0

Long strings which appear in tcl error messages are elided with ... after 150 characters:

proc helloWorld {a} {
       throw
}
helloWorld "fffffffffffffffffffffffffffffffffffffffffffffffffffffffffffffffffffffffffffffffffffffffffffffffffffffffffffffffffffffffffffffffffffffffffffffffffffffffffffffffffffffffffff"

Error:

invalid command name "throw"
    while executing "throw "
    (procedure "helloWorld" line 2)
    invoked from within "helloWorld "ffffffffffffffffffffffffffffffffffffffffffffffffffffffffffffffffffffffffffffffffffffffffffffffffffffffffffffffffffffffffffffffffffffffffff..."
    (file "mytcl" line 6)

Is there a way to change this so that more characters are shown?

In my large commercial tcl application, customers use file paths that are more than 150 characters long. We see 100 characters for a repository name, plus 100 characters for a location within the repository. Since only 150 characters appear, this means the "useful" part of the filename is not displayed in error messages. We have suggested to the customer that they could shorten the path using a symlink, but they do not accept this.

2

You can install your own background error handler. You can log the error, display it how you want, etc.

interp bgerror {} ::bgerrhandler

# give err and res whatever names that make sense to you
proc ::bgerrhandler { err res } {
  # do stuff
  return
}
0

The problem that you've got is that the line-shortening is applied during the construction of the error trace message. It's already long gone by the time you get to see it. What you need instead is to install a custom background error handler using the new API that picks critical things out of the error stack. (The old API using a simple bgerror command is unsuitable for this task as it hides the result option dictionary for backward compatibility reasons.)

proc MyErrorHandler {msg opts} {
    if {[dict get $opts -code] == 1} {
        # Actually an error!
        puts "ERROR: $msg"
        foreach {op details} [dict get $opts -errorstack] {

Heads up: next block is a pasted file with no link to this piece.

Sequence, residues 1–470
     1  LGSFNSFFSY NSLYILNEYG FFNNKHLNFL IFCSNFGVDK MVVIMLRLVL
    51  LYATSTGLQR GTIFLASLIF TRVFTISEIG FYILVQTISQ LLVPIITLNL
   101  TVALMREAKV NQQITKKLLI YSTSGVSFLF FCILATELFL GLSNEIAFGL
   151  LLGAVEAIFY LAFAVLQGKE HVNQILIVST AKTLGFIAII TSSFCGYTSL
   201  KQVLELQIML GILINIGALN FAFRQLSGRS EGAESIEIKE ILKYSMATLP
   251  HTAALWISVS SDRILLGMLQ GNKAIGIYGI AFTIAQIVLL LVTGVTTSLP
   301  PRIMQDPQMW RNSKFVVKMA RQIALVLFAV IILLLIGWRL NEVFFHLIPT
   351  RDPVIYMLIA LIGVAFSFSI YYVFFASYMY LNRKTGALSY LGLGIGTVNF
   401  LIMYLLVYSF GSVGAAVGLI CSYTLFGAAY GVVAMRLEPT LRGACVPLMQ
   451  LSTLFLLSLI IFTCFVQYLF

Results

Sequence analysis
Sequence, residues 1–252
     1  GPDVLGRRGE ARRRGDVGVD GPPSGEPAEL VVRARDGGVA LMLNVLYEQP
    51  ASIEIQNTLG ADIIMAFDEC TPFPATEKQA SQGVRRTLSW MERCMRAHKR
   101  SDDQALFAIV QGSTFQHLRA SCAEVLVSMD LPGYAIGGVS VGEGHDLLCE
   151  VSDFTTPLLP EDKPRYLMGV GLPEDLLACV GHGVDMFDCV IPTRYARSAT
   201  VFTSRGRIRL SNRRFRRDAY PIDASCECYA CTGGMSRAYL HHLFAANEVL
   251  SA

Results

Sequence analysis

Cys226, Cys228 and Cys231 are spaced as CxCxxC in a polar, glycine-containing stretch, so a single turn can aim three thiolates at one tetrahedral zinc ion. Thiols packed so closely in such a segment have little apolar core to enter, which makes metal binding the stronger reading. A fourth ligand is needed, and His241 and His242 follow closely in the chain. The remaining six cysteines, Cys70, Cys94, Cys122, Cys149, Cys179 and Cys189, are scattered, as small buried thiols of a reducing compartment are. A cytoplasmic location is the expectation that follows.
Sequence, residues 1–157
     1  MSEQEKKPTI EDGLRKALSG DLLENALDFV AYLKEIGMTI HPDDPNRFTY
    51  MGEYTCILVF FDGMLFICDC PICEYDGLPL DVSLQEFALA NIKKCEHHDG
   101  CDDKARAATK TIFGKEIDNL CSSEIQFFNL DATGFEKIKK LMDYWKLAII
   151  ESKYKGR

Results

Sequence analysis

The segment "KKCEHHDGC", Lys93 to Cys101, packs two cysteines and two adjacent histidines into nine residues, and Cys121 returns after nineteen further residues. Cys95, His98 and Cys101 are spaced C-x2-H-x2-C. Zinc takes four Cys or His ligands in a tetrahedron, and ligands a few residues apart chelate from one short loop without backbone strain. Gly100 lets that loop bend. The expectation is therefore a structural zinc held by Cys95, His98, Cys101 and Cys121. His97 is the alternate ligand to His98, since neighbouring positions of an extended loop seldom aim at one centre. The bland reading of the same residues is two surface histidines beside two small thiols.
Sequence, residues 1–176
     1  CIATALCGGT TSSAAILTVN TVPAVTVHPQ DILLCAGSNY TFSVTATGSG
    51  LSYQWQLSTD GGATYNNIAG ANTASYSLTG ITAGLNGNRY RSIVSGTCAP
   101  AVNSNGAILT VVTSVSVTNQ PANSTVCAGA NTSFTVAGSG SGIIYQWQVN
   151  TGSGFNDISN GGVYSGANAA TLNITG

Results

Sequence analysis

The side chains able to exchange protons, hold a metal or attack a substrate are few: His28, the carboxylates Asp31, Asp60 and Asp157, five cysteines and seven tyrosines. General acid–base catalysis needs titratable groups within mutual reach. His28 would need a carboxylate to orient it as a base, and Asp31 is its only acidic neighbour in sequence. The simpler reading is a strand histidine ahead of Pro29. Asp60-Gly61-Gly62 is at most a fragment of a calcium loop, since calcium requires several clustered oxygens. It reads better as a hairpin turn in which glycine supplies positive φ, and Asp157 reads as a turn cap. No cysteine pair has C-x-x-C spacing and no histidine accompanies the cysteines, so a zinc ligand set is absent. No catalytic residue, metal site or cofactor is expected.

puts stderr "$op :> $details"
        }
        return
    }
    # Transfer to standard implementation; tailcall recommended for this from 8.6 on
    ::tcl::Bgerror $msg $opts
}
interp bgerror {} MyErrorHandler

Here's an example of this working:

# Error generation code
proc foo {x} {throw BOOM $x}
proc bar {y} {foo $y$y$y$y}
proc grill {} {bar skdfhglsdjklfgjhsdlfgjksdlkfhgklsdhfjklghskldfsldfkjghlsd}
# Now actually do things in the background
after idle grill; after 50 set z 1; vwait z

That will print this message:

ERROR: skdfhglsdjklfgjhsdlfgjksdlkfhgklsdhfjklghskldfsldfkjghlsdskdfhglsdjklfgjhsdlfgjksdlkfhgklsdhfjklghskldfsldfkjghlsdskdfhglsdjklfgjhsdlfgjksdlkfhgklsdhfjklghskldfsldfkjghlsdskdfhglsdjklfgjhsdlfgjksdlkfhgklsdhfjklghskldfsldfkjghlsd
INNER :> returnImm skdfhglsdjklfgjhsdlfgjksdlkfhgklsdhfjklghskldfsldfkjghlsdskdfhglsdjklfgjhsdlfgjksdlkfhgklsdhfjklghskldfsldfkjghlsdskdfhglsdjklfgjhsdlfgjksdlkfhgklsdhfjklghskldfsldfkjghlsdskdfhglsdjklfgjhsdlfgjksdlkfhgklsdhfjklghskldfsldfkjghlsd {-errorcode BOOM}
CALL :> foo skdfhglsdjklfgjhsdlfgjksdlkfhgklsdhfjklghskldfsldfkjghlsdskdfhglsdjklfgjhsdlfgjksdlkfhgklsdhfjklghskldfsldfkjghlsdskdfhglsdjklfgjhsdlfgjksdlkfhgklsdhfjklghskldfsldfkjghlsdskdfhglsdjklfgjhsdlfgjksdlkfhgklsdhfjklghskldfsldfkjghlsd
CALL :> bar skdfhglsdjklfgjhsdlfgjksdlkfhgklsdhfjklghskldfsldfkjghlsd
CALL :> grill

The INNER indicates what bytecode opcode actually threw, and then there's a sequence of CALLs to give the exact arguments lists that lead to that point.

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